Upon reading an article in the Huffington Post, there’s one argument they make that I’d like to rip to shreds: Voter ID laws are discriminatory and newer voters will be scared away. As a “younger voter” this has become an offensive and alarming topic concerning my generation. The following is a helpful guide for my generation of supposedly lost (or clueless) voters, and hopefully a slap of reality to those saying such laws discriminate against college voters.

Myth: Not allowing the use of Student IDs and college housing lists as proof of residency will turn away voters.

Fact: Student IDs and temporary college housing lists are not Government issued or are formal documents of land ownership. Students IDs are a form of identification for solely college purposes (such as the use of library facilities, dining halls, bookstore, etc.). Housing lists are generally only temporary during school term periods and are capable of changing per semester/quarter. Please keep in mind that these are also given to foreign exchange students (who technically do not have U.S. citizenship and are therefore disqualified to vote).

Solution: Unless we’re talking something a little ACORN-esque, go to your local DMV and get a driver’s license/State ID card. Don’t know where to start? You’re a college student. It’s called Google.

Myth: Reduction in early voting days reduces the number of youth and first-time voters.

Fact: College students hold off everything until the last possible minute thanks to either busy schedules or flat-out laziness. I would know. I’ve done it before. However, for politically-savvy students who have a tendency to dedicate their lives to campaign work apart from their collegiate career, it’s really a no-brainer.

Solution: Convince fellow students they need to vote early as it is imperative to their future well-being and America. And may the force be with you because that can prove to be a challenge.

Myth: Voting polls that do not accept out-of-State IDs and Driver’s Licenses will not allow voters from out of State to vote at a nearby polling place.

Fact: You’re not from that State/area. Political issues (laws, monetary policies, State regulations, etc.) vary from State to State as well as county/city ordinances, etc. Each region has pin-pointed policies unique to that area and must therefore hold its own elections with different ballots. Hence the creation of Voter Absentee Ballots so citizens who would not be in their “home” area during elections would have the ability to cast their vote.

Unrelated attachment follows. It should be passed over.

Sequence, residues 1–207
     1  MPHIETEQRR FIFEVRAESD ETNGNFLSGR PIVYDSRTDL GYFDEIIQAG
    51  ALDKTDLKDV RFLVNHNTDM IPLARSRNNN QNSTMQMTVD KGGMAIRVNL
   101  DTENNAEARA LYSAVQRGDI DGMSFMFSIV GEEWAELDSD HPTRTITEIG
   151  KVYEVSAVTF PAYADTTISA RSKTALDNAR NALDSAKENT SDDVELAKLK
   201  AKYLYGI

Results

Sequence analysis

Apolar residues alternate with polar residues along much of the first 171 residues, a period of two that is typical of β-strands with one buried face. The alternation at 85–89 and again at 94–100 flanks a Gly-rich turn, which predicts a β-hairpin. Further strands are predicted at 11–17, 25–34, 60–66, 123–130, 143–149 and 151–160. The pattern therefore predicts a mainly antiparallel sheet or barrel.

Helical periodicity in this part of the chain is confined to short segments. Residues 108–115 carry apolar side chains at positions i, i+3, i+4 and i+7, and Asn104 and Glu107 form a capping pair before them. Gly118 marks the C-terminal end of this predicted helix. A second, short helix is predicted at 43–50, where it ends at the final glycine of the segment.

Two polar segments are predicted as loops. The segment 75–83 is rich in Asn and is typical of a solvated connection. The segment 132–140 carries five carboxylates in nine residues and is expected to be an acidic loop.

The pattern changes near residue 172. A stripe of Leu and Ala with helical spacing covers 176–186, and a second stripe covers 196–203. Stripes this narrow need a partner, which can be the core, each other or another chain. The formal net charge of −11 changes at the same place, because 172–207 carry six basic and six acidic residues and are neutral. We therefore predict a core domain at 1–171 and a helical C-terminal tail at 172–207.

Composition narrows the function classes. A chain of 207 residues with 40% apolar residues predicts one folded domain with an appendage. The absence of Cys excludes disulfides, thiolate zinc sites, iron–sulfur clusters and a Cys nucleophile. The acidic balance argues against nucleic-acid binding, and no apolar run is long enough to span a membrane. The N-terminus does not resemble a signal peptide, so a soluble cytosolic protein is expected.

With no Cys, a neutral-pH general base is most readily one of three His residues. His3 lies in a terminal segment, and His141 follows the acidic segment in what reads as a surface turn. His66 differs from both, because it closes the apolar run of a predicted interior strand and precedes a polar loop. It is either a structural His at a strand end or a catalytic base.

Solution: Either: A. Go to your local DMV or State website and search/fill out an absentee ballot, B. Don’t vote, or C. Ask your parents, friend, professor, or that nerdy and politically-savvy person down the hall (also found in libraries) for help.

Myth: Voter ID laws still potentially promote discrimination against every race, gender, faith, and sexual orientation in many U.S. regions today.

Fact: The idea that our country is stuck back in the 50s simply because Republicans and Democrats don’t agree is just as ridiculous.

Solution: Look around your college campus and tell me if there is any discrimination going on anywhere. You’ll find that there generally isn’t unless your professor is blatantly liberal, and pushing an ideological agenda on his or her students.

Stop listening to what the media says and look things up yourself (Jon Stewart and Steven Colbert don’t count, people). We already know Google is our best friend during our collegiate careers. This fantastic source of magical powers is also useful for looking things up non-college related. Use it. If you have a phobia of signing paperwork that has anything to do with the government, you’re just going to have to get over it as it’s part of life in the adult world (thanks to taxes, passports, etc.). We’re adults now. It’s time you start thinking about your own future in America.

Elissa Roberson | College of the Desert | @ElissaRoberson